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MLB 2011 DL: Injury Updates


MLB reports:  To answer many of our readers inquiries, here is an update on some of the casualties and wounded in the world of baseball and when each player is expected to return from the disabled list:

Phil Hughes:  Yankees

Hughes went on the 15 day disabled list in mid-April with a “dead arm” and has not returned since.  On April 28th Hughes received a cortisone shot and reports have indicated that his shoulder has responded well.  The timetable for Hughes to return to the mound is 6-8 weeks, which would put him sometime into July.  Hughes has not started throwing yet but has visited specialists who have ruled out surgery at this point.  With a dead arm type injury, it is not always easy to predict where the future lies.  Justin Verlander went through such an episode in his career and has come back stronger than ever.  The fear though is that the velocity will not return and surgery could be lurking in the background.  Until Hughes begins throwing and regains his velocity, Yankees fans will continue to huddle in prayer and hope for Hughes to come back and reclaim his 2010 form this year.

Carlos Guillen:  Tigers

Guillen has been bothered by a sore left knee and out of action since mid-March and going on the 15 day DL.  Reports have indicated that Guillen is taking ground balls, but no other baseball activities at this point.  The original prognosis of mid-May does not appear likely, with an end of the month or early June return a possibility.  With his wonky surgically repaired knee, Guillen will likely be a DH at best if and when he returns to the Tigers lineup.  There is a possibility of a relapse here, so the Tigers are progressing forward without Guillen and any contributions this year will be considered a bonus.

Joe Mauer:  Twins

The $184 million dollar man is off to a dreadful start in 2011, the first season of his monster contract.  After having surgery on his knee in the off-season, Mauer has been bothered by leg weakness all season.  Mauer has started hitting and throwing, but his return is up in the air.  Once considered to be the greatest catcher in baseball, talk has already started about a position change in his future.  After moving prospect Wilson Ramos, the Twins cannot be happy about the state of Mauer’s health.  Like the other members of this list thus far, Mauer’s return date is unknown at this point.  With the Twins off to a terrible start this season, there is much pressure to get Mauer into the lineup to get the team going.  But considering the investment in the catcher, the team will likely be cautious and continue to bring him along slowly in the fear that further damage could result in rushing him.  Expect Mauer back sometime in June likely, but his catching days appear to coming to an end in the near future unfortunately.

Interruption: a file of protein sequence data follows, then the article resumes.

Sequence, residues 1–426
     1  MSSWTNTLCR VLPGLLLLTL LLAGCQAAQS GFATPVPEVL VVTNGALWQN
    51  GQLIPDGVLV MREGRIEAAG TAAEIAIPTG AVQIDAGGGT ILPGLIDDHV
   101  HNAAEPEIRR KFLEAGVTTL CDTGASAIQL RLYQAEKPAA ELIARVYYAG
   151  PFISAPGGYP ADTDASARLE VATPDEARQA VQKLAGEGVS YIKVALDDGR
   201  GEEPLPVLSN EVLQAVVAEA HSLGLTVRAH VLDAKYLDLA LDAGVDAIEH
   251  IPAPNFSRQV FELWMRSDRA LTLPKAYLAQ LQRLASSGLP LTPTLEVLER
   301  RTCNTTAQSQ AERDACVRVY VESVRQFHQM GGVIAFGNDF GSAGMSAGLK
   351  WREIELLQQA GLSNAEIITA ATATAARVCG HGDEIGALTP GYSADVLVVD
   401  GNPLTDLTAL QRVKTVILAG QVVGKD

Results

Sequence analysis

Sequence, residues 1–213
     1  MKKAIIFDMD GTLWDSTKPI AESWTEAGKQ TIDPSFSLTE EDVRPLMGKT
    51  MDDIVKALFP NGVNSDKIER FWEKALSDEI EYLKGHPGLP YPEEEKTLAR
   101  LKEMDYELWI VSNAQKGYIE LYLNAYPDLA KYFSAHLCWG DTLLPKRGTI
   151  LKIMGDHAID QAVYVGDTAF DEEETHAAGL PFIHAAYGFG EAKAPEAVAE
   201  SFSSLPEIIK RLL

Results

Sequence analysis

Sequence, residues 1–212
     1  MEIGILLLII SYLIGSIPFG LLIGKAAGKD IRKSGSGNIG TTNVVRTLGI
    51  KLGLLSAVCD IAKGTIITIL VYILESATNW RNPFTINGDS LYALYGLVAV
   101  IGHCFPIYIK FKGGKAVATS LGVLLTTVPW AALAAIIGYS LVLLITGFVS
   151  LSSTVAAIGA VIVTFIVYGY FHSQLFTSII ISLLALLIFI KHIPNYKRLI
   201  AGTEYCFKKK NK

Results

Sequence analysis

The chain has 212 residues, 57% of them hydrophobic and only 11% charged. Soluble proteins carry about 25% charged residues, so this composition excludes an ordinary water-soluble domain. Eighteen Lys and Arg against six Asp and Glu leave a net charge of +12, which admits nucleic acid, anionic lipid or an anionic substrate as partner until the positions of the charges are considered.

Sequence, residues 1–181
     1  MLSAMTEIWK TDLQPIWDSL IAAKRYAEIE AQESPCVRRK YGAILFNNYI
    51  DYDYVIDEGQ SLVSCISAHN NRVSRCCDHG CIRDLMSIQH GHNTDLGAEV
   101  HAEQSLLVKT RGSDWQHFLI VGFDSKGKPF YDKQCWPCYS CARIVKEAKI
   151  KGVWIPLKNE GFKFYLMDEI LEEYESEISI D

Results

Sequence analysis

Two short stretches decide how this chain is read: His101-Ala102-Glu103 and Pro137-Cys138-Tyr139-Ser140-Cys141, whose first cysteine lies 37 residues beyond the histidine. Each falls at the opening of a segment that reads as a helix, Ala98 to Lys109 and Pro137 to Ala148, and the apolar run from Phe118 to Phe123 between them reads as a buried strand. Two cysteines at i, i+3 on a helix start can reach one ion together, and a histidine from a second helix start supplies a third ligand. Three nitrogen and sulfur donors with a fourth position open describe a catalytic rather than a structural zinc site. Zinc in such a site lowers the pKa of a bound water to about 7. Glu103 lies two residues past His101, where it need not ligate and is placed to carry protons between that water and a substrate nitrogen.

Josh Hamilton:  Rangers

After breaking a bone in his right arm from a home plate collision early in the season, Hamilton is nearing his return to the Rangers lineup.  Hamilton is taking swings and should hopefully ready soon for a couple of minor league rehab appearances.  I would expect Hamilton back in the Rangers lineup in the next two weeks if all goes well.  The brittle Hamilton continues to endure bad luck in the health department, with the Rangers sorely needing a healthy Hamilton in order to contend in the AL West.

Chien-Ming Wang:  Nationals

After 2 missed seasons, Wang continues to try to come back from a torn shoulder capsule and pitch once again in the majors.  After breaking his right foot in 2008, Wang ended up injuring his shoulder and has not returned to pitch in a professional game since.  Still rehabbing in the Nationals system, it appears unlikely that we will see Wang pitch again.  Fans still hope that the former back-to-back 19 game winner can find health and pitch again, but after a prolonged absence, the window of opportunity continues to close further every week/month that goes by.

Johan Santana:  Mets

Another torn shoulder capsule survivor, Santana underwent his surgery last September.  Reports have indicated a possible July return for Santana, which appear to be optimistic at best.  With a similar injury to Wang, there is no guarantees of when Santana and what condition he will be in.  Good news in that Santana is throwing off a mound and flat ground and reported no setbacks to date.  But with these types of injuries, relapses are always a possibility.  If the Mets flounder this year as expected, the smart advice is to rest Santana and bring him along slowly, with a 2012 return being the better bet.  Only time will tell if Santana will return and reclaim his spot as one of the top starting pitchers in baseball.  At this point, I would not be counting on it.

Chase Utley:  Phillies

With injuries all around in baseball, few have been more anxious than thedisappearance of Chase Utley.  With the Phillies offense built around Utley and Howard, a long-term absence by the second baseman was seen as damaging by the Phillies faithful.  Talk at the start of the season was a possible September return by Utley, based on the knee injury.  Philadelphia got a great shot in the arm when Utley’s rehab progressed so well to the point that he is already DHing this week in minor league rehab games, with a possible return by the end of the month.  Far ahead of schedule, the hope is that Utley is fully recovered and will be strong for the remainder of the season.  Utley’s story is one of the few bright spots in our long list of injuries in this report.